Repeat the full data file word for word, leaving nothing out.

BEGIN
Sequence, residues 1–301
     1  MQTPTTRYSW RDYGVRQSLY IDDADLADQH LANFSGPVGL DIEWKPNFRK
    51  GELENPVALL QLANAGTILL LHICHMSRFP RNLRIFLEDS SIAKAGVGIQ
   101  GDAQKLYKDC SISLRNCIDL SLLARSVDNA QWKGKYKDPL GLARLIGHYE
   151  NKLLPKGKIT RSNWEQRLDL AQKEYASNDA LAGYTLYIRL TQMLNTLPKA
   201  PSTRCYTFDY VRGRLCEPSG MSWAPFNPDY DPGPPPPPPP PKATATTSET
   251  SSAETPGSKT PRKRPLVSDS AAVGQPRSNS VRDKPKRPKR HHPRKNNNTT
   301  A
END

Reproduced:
Sequence, residues 1–301
     1  MQTPTTRYSW RDYGVRQSLY IDDADLADQH LANFSGPVGL DIEWKPNFRK
    51  GELENPVALL QLANAGTILL LHICHMSRFP RNLRIFLEDS SIAKAGVGIQ
   101  GDAQKLYKDC SISLRNCIDL SLLARSVDNA QWKGKYKDPL GLARLIGHYE
   151  NKLLPKGKIT RSNWEQRLDL AQKEYASNDA LAGYTLYIRL TQMLNTLPKA
   201  PSTRCYTFDY VRGRLCEPSG MSWAPFNPDY DPGPPPPPPP PKATATTSET
   251  SSAETPGSKT PRKRPLVSDS AAVGQPRSNS VRDKPKRPKR HHPRKNNNTT
   301  A